The scholarship organization overseeing the grants would maintain a list of available services, but the state would not have to accredit a provider.
Provisions in the bill indicate there are no restrictions on the types of schools where the money could be spent and they do not have to abide by state or federal regulations, or change their creed, religion, or curriculum to receive grant money.
Also there are no income limits on who can participate in the program, causing several committee members to ask one of the bill’s sponsors Rep. Glenn Cordelli, R-Tuftonboro, who is the education committee vice chair, if the voucher program would not be the most wide open of any like program in the country.
Rep. Mel Myler, D-Hopkinton, asked if the bill would not be the “first universal voucher program without any qualifications in the country.”
Cordelli said the bill establishes a savings account like five other states have and not a voucher system, and agreed it would be the broadest of any of those five programs.
He defended the bill’s accountability saying it would rest with the parents of the child.
“A parent can walk and take the dollars with them if their child is not getting (a good education),” Cordelli said. “That is better accountability than in public schools where you cannot leave. If a public school is not performing well, the only accountability is they get more money.”
But Charles Siler, a former lobbyist who worked for the Goldwater Institute, which promoted voucher and education savings account programs, said he changed his mind when he saw the real impact the programs have on communities.
He said Arizona passed a universal voucher program that had more oversight, transparency, and control than the one proposed for New Hampshire.
Voters forced the question to go to a statewide referendum vote where it was soundly defeated and created an uprising in support for public education.
He said such programs cost school districts federal money as well as state aid and reduce investments in rural and poor communities.
“What’s really scary about your bill, what is most extreme is the allowable expenses are so broad, you could pay for Netflix or buy a big-screen TV or Ipad,” Siler said, or it could pay for tutoring from someone in Switzerland or Orlando, Florida, so someone could charge airplane tickets.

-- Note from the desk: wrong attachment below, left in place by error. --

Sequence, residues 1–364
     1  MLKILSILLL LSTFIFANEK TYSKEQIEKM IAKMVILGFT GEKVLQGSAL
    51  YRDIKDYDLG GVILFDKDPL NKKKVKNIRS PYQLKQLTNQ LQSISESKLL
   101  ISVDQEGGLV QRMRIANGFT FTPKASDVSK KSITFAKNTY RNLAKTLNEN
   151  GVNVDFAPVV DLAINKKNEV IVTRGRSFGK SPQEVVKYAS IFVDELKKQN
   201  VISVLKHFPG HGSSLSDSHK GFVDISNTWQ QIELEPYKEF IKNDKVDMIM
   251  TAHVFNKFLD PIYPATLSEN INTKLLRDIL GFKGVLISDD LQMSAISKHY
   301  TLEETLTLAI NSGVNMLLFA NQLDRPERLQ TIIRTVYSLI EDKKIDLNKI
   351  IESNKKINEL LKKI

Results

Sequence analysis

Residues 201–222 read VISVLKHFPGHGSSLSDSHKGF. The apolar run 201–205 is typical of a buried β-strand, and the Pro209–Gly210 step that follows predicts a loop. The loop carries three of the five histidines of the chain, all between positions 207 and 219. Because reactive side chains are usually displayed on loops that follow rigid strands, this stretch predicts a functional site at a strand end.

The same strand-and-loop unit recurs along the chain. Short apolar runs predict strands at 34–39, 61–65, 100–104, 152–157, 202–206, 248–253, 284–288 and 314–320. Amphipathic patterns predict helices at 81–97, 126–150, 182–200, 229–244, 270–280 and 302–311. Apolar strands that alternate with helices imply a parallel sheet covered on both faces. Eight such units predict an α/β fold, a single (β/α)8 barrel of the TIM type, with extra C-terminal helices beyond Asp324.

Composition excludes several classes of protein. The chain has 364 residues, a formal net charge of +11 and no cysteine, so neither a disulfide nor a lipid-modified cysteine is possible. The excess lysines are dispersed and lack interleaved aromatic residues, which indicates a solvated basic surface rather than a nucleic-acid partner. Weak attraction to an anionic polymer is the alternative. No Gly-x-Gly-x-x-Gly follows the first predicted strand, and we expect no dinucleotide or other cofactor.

In Arizona he said officials uncovered hundreds of thousands of dollars of fraud.
But Jenny Clark touted Arizona’s program saying it was life changing for her family and their five children.
Her two oldest sons had severe disabilities that made learning very difficult because they cannot write or read.
With the education savings accounts program, they were able to receive the services they needed which the local school district could not provide, she said.
“It was life changing because we were no longer limited by finances or insurance,” Clark said. “As parents we should not be limited by our income or our zip code.”
Several other mothers of children with disabilities touted the bill saying it will make a huge difference including several from Manchester, including a special education teacher .
Elizabeth Tentas said the bill would open so many doors to so many opportunities for her child.
“An EFA will help with additional services,” she told the committee. “This is huge knowing you can send your child to a private school knowing you are making the best decision.”
But others opposed the bill which has drawn the attention of educational groups and organizations. This week the Concord School Board voted to object to the bill, as have others.
Megan Tuttle, president of NEA-NH, said the bill is the most expansive voucher bill ever proposed in the country.
“Public school funding is open and transparent. Voucher spending is private and shrouded in secrecy. Public schools are owned, operated, and managed by the public. Private voucher scholarship companies are designed to make a profit,” she told the committee. “There are no laws or limits that prevent parents from choosing to send their children to a private, religious, or home school. Every family is free to make that choice. But that choice should never diminish another child’s education or obligate any other family to help pay for their tuition.”
The committee will continue to work on the bill before making a recommendation.
A similar bill was proposed in 2017 and was eventually defeated in the House in 2018 after it was retained for additional work. The bill passed the Senate before the House killed it.
Garry Rayno may be reached at firstname.lastname@example.org.